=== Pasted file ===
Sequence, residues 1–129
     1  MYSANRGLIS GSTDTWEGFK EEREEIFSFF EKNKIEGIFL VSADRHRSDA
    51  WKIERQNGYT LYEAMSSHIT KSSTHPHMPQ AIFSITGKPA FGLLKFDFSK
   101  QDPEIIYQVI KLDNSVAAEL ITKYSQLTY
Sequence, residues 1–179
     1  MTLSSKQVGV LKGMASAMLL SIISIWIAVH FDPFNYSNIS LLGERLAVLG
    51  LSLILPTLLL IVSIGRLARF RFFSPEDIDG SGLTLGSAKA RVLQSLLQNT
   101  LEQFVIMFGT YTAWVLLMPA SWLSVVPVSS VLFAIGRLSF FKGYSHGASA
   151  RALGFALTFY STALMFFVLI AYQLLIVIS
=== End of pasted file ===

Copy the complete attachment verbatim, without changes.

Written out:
Sequence, residues 1–129
     1  MYSANRGLIS GSTDTWEGFK EEREEIFSFF EKNKIEGIFL VSADRHRSDA
    51  WKIERQNGYT LYEAMSSHIT KSSTHPHMPQ AIFSITGKPA FGLLKFDFSK
   101  QDPEIIYQVI KLDNSVAAEL ITKYSQLTY
Sequence, residues 1–179
     1  MTLSSKQVGV LKGMASAMLL SIISIWIAVH FDPFNYSNIS LLGERLAVLG
    51  LSLILPTLLL IVSIGRLARF RFFSPEDIDG SGLTLGSAKA RVLQSLLQNT
   101  LEQFVIMFGT YTAWVLLMPA SWLSVVPVSS VLFAIGRLSF FKGYSHGASA
   151  RALGFALTFY STALMFFVLI AYQLLIVIS